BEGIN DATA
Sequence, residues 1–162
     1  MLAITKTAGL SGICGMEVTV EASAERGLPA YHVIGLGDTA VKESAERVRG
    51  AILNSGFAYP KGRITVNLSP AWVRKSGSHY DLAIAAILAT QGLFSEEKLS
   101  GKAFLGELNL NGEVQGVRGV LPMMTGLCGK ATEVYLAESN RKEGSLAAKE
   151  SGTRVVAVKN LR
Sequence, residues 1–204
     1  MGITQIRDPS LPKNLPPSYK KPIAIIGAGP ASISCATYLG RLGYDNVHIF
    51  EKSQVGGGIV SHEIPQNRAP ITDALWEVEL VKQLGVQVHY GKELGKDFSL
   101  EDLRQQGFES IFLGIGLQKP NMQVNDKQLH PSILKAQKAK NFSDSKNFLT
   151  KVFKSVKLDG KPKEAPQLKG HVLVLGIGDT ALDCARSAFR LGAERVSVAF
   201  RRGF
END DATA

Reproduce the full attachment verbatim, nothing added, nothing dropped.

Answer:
Sequence, residues 1–162
     1  MLAITKTAGL SGICGMEVTV EASAERGLPA YHVIGLGDTA VKESAERVRG
    51  AILNSGFAYP KGRITVNLSP AWVRKSGSHY DLAIAAILAT QGLFSEEKLS
   101  GKAFLGELNL NGEVQGVRGV LPMMTGLCGK ATEVYLAESN RKEGSLAAKE
   151  SGTRVVAVKN LR
Sequence, residues 1–204
     1  MGITQIRDPS LPKNLPPSYK KPIAIIGAGP ASISCATYLG RLGYDNVHIF
    51  EKSQVGGGIV SHEIPQNRAP ITDALWEVEL VKQLGVQVHY GKELGKDFSL
   101  EDLRQQGFES IFLGIGLQKP NMQVNDKQLH PSILKAQKAK NFSDSKNFLT
   151  KVFKSVKLDG KPKEAPQLKG HVLVLGIGDT ALDCARSAFR LGAERVSVAF
   201  RRGF